The histologic criteria that define EE have not been established. Kelly et al. (2) described a group of patients with 15 to 100 eosinophils/hpf (median, 41) in the distal esophagus who improved on elemental diets. Liacouras et al. (3) found patients with gastroesophageal reflux have 2.3 ± 1.2 eosinophils/hpf compared with 34.2 ± 9.6 eosinophils/hpf in patients with EE. Orenstein et al. (4) reported a group of children with at least 20 eosinophils/hpf and indicated that those with 5 to 20 eosinophils/hpf should be considered in the EE category. Finally, Walsh et al. (7) described two groups of patients with 31 ± 19.5 eosinophils/hpf and 28 ± 23.7 eosinophils/hpf, as having EE if they also had incomplete response to antireflux therapy and clinical improvement with antiallergy therapy. All of our patients meet the most stringent criteria for EE proposed by these authors.
A variety of visual findings may be observed in patients with EE. Some children meeting the histopathologic criteria of EE have a grossly normal appearing esophagus. Some have nonspecific erythema, friability, or ulcerations. More characteristically, the mucosa may appear granular, occasionally with circumferential creases, rather than its normal smooth, shiny appearance (4). Fox et al. (5) describe longitudinal furrowed lines in the distal esophageal mucosa in patients with moderate to severe EE. Rings, webs, and a corrugated appearance attributable to repetitive rings or webs, also have been reported (6). Several previous reports of patients with EE, without specifically describing white plaques, do note a negative or inadequate evaluation for candidal infections, thus implying that white plaques may have been present (8–10). Ahmed (11) and Lim et al. (12) described adherent white plaques in the esophageal mucosa of patients with EE. The adherent white plaques seen in our patients may be present in a few discrete areas or more diffusely. Most of our patients had eosinophilic micro-abscesses of the esophageal mucosa on histologic analysis (Fig. 2B). We speculate that the adherent white plaques may represent the visual correlate of eosinophilic abscesses.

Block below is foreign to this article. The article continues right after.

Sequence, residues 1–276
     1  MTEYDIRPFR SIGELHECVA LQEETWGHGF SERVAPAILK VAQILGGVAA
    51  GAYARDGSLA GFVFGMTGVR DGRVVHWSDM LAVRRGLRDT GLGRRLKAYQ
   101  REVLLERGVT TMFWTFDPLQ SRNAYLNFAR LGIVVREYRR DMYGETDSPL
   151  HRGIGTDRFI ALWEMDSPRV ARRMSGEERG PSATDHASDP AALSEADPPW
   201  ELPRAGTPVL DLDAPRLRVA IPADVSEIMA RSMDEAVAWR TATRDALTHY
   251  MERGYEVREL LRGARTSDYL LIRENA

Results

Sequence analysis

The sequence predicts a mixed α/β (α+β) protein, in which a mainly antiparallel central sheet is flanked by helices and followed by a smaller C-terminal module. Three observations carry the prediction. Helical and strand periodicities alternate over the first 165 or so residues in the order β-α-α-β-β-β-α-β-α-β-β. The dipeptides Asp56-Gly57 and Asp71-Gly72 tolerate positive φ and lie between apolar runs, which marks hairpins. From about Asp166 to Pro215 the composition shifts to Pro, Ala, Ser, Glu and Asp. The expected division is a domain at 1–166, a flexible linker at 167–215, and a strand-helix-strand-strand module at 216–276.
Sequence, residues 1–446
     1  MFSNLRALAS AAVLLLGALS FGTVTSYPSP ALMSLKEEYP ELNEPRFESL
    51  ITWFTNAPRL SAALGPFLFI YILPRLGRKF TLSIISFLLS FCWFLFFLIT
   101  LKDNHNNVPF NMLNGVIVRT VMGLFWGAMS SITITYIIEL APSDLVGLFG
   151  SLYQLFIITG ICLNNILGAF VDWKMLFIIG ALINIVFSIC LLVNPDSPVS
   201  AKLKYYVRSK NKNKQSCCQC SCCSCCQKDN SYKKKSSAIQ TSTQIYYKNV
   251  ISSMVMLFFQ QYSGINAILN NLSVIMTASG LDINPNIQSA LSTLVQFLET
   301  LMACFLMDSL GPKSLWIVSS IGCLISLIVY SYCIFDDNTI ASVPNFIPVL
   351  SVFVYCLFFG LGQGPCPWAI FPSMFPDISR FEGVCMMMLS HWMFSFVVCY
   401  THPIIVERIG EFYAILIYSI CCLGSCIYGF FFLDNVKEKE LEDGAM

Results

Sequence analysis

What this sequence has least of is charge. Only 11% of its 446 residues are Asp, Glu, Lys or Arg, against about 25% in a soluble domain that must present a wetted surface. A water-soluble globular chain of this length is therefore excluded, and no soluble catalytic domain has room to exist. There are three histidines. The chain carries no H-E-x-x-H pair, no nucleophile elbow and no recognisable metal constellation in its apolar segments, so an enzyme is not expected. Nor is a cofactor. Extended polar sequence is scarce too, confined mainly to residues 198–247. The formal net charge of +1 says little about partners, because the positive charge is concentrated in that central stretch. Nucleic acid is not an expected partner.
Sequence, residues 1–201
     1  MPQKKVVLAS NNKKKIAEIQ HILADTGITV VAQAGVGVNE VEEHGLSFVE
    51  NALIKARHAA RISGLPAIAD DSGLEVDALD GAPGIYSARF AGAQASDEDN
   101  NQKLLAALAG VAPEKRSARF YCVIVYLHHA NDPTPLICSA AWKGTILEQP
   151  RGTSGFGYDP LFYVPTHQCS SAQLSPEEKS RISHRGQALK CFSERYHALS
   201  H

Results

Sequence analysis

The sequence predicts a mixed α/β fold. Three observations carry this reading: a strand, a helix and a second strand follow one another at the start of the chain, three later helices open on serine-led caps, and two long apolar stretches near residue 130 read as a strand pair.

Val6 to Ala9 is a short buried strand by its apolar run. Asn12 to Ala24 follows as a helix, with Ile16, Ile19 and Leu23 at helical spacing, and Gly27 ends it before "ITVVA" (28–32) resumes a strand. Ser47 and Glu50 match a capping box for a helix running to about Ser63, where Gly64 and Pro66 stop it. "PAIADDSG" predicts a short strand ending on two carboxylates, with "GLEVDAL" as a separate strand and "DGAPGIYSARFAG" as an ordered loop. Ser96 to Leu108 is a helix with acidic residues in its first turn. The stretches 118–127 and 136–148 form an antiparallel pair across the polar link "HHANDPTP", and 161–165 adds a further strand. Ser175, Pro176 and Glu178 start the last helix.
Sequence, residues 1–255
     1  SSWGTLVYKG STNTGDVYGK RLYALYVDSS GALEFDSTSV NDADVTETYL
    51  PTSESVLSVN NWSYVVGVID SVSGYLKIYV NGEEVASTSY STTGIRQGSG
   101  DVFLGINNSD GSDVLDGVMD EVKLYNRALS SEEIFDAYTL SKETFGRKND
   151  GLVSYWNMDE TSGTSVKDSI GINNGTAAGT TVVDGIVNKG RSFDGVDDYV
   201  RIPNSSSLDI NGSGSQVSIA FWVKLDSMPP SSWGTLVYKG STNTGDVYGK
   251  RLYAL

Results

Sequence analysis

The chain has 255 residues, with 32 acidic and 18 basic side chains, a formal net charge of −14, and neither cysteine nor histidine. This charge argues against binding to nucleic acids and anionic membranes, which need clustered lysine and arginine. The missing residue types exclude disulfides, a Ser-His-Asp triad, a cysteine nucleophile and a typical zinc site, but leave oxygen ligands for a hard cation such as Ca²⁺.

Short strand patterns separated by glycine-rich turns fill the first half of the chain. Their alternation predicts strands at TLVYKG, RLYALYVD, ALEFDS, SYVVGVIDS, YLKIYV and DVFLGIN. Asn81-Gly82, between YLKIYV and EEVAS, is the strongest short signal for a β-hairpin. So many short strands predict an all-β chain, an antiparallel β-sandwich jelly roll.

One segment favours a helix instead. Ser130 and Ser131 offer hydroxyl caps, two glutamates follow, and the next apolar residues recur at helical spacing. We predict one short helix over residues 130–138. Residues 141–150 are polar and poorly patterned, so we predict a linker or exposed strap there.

It is crucial that the adherent white plaques of EE not be confused with candidal esophagitis. The absence of yeast must be demonstrated, either by a brushed potassium hydroxide preparation or by specific histologic staining. Brito and Barbosa (13) described a patient with intermittent dysphagia and partial stenosis of the gastroesophageal junction who had esophageal candidiasis and an associated heavy infiltration of the esophagus with eosinophils. This patient's symptoms resolved after antifungal therapy, but the eosinophilic infiltration remained. (13). This example underscores the importance of excluding a superimposed or primary fungal infection. In each of our patients, fungal infection was systematically excluded by negative fungal histologic findings and often supported by the addition of a negative potassium hydroxide preparation.